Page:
Durham University
Programme and Module Handbook

Undergraduate Programme and Module Handbook 2018-2019 (archived)


Department: Business School (Economics and Finance)


Type Tied Level 1 Credits 20 Availability Available in 2018/19 Module Cap None. Location Durham
Tied to NN43
Tied to N302
Tied to N304
Tied to N305
Tied to N306
Tied to N307


  • None


  • None.

Excluded Combination of Modules

  • None.


  • Provide students with knowledge and understanding of the fundamental features of different types of economy, and of world trade and the international financial system.
  • Provide students with an understanding of international trade theory, of economic growth and economic transition/transformation.
  • Inform students of key concepts relevant to understanding/analysis of important developments and crises in the global economy.
  • Offer the opportunity to develop key skills.


  • Types of economic system
  • International trade theory
  • Technology and trade relations
  • International factor movements
  • Exchange rates
  • International money and financial crisis
  • Economic growth in the global economy since 1800
  • The EU
  • The Americas
  • The transition economies of Eastern Europe
  • China, India, Africa and the Middle East
  • The global environment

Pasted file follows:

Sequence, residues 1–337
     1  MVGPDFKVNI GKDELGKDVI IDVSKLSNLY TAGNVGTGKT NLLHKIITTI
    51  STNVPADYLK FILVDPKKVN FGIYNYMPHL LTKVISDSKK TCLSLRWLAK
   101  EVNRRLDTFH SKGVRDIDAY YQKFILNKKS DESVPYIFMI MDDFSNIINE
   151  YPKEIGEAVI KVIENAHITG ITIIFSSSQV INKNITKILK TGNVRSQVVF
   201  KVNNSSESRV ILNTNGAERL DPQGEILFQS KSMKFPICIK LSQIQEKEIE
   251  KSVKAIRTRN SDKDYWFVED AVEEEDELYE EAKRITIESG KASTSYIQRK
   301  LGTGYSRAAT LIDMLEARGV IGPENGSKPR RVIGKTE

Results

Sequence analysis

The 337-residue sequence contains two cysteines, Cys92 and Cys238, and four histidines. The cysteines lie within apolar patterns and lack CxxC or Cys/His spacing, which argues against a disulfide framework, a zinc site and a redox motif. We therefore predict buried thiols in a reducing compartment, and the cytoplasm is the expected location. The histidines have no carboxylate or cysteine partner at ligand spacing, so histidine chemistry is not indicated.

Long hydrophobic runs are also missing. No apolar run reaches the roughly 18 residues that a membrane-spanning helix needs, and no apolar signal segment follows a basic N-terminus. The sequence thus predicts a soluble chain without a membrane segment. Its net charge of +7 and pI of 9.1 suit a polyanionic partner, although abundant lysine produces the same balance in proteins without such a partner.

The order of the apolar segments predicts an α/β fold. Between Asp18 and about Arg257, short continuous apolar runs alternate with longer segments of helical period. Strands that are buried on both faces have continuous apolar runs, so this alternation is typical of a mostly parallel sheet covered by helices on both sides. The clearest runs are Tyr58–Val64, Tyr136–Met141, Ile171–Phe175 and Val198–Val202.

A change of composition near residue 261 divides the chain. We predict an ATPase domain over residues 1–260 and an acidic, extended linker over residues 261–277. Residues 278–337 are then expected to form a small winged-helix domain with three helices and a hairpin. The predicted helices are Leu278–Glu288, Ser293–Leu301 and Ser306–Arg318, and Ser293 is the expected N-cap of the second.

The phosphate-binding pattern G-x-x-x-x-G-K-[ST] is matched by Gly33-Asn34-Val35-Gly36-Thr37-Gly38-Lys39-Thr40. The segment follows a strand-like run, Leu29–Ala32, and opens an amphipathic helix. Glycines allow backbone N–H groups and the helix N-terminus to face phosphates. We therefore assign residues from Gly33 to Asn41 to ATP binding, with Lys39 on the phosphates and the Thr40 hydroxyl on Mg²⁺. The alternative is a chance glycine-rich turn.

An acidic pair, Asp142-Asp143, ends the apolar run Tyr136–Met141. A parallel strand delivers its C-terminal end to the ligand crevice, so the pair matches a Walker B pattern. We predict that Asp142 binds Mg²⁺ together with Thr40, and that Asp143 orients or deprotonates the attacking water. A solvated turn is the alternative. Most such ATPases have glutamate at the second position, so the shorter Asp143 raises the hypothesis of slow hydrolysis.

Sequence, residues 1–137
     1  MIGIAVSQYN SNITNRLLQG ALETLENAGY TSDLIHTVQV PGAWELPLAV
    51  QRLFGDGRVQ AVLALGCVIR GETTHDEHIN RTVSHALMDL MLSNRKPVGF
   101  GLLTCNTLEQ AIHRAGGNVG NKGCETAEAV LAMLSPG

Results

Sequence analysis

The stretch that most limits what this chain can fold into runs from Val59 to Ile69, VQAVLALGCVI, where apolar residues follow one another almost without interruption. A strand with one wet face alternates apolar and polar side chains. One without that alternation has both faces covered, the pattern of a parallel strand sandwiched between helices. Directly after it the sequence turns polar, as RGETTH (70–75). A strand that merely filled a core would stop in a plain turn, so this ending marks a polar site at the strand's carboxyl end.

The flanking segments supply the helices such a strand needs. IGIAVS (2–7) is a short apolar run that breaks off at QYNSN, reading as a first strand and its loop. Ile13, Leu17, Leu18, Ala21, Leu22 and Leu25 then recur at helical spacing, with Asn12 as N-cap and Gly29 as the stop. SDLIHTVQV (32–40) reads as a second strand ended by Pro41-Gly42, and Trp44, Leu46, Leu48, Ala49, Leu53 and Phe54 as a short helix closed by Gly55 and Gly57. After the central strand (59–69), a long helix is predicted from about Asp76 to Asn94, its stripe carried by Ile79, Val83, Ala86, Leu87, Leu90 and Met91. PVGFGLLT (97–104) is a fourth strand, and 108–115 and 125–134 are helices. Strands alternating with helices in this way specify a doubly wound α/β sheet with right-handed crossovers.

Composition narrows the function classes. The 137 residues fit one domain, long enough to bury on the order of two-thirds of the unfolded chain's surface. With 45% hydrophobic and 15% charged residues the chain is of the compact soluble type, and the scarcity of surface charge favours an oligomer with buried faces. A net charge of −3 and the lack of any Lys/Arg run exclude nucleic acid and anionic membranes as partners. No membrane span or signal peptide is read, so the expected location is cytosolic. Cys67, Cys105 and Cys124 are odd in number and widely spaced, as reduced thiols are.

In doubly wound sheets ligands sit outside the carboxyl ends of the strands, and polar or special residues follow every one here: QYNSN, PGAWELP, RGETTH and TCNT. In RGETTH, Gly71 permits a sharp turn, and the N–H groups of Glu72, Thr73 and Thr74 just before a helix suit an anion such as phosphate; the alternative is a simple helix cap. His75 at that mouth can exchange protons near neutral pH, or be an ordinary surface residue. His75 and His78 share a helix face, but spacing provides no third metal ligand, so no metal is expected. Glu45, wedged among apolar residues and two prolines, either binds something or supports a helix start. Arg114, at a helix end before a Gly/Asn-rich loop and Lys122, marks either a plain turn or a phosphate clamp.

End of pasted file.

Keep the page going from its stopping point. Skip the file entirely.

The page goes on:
Learning Outcomes

Subject-specific Knowledge:
  • Understanding of the key features of different types of economic system.
  • Understanding of key institutions in the global economy.
  • Knowledge and understanding of relevant economic concepts.
  • Understanding the causes and impact of change on economies.
Subject-specific Skills:
  • Ability to explain the underlying reasons for changes in economies/economic systems.
  • Ability to analyse the strengths and weaknesses of economic systems.
  • Ability to identify, interpret and use information for the study of economies and the global economy.
Key Skills:
  • Examples are provided to demonstrate how students will have the opportunity to develop the following key skills:
  • Written Communication - by completing formative and summative assignments.
  • Problem Solving - by applying the necessary analytical techniques in preparing assignments.
  • Initiative - by searching relevant literature and other information in preparation for the formative assignment and the examination.

Modes of Teaching, Learning and Assessment and how these contribute to the learning outcomes of the module

  • Teaching is by lecture and seminars. Learning takes place through attendance at lectures, preparation for and participation in seminars, and private study. Formative assessment is by means of an assignment. Summative assessment is by means of an examination.

Teaching Methods and Learning Hours

Activity Number Frequency Duration Total/Hours
Lectures 19 1 per week 2 hour 38
Revision Lecture 1 Once 2 hours 2
Seminars 8 4 in term one; 4 in term two 1 hour 8
Preparation and reading 152 152
Total 200

Summative Assessment

Component: Examination Component Weighting: 100%
Element Length / duration Element Weighting Resit Opportunity
One unseen examination 2 hours 30 minutes 100% same

Formative Assessment:

A written assignment of 1,000 words max.

Attendance at all activities marked with this symbol will be monitored. Students who fail to attend these activities, or to complete the summative or formative assessment specified above, will be subject to the procedures defined in the University's General Regulation V, and may be required to leave the University